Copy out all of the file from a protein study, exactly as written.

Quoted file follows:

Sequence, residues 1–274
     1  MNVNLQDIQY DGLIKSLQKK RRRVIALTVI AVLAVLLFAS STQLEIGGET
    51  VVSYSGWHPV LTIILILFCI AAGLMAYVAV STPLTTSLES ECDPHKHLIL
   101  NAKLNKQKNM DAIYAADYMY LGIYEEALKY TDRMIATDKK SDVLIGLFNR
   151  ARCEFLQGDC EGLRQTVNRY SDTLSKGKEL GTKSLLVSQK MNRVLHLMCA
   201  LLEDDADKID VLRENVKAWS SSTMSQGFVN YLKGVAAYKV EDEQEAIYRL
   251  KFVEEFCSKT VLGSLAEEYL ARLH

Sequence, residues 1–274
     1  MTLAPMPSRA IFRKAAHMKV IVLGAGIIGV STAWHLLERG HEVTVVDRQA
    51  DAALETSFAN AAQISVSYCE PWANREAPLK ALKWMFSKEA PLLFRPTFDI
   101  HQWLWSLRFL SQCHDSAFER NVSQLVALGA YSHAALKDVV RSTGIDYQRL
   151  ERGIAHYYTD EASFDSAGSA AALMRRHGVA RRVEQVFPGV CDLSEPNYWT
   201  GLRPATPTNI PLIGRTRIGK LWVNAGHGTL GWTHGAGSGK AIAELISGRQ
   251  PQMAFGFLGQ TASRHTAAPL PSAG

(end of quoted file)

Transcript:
Sequence, residues 1–274
     1  MNVNLQDIQY DGLIKSLQKK RRRVIALTVI AVLAVLLFAS STQLEIGGET
    51  VVSYSGWHPV LTIILILFCI AAGLMAYVAV STPLTTSLES ECDPHKHLIL
   101  NAKLNKQKNM DAIYAADYMY LGIYEEALKY TDRMIATDKK SDVLIGLFNR
   151  ARCEFLQGDC EGLRQTVNRY SDTLSKGKEL GTKSLLVSQK MNRVLHLMCA
   201  LLEDDADKID VLRENVKAWS SSTMSQGFVN YLKGVAAYKV EDEQEAIYRL
   251  KFVEEFCSKT VLGSLAEEYL ARLH

Sequence, residues 1–274
     1  MTLAPMPSRA IFRKAAHMKV IVLGAGIIGV STAWHLLERG HEVTVVDRQA
    51  DAALETSFAN AAQISVSYCE PWANREAPLK ALKWMFSKEA PLLFRPTFDI
   101  HQWLWSLRFL SQCHDSAFER NVSQLVALGA YSHAALKDVV RSTGIDYQRL
   151  ERGIAHYYTD EASFDSAGSA AALMRRHGVA RRVEQVFPGV CDLSEPNYWT
   201  GLRPATPTNI PLIGRTRIGK LWVNAGHGTL GWTHGAGSGK AIAELISGRQ
   251  PQMAFGFLGQ TASRHTAAPL PSAG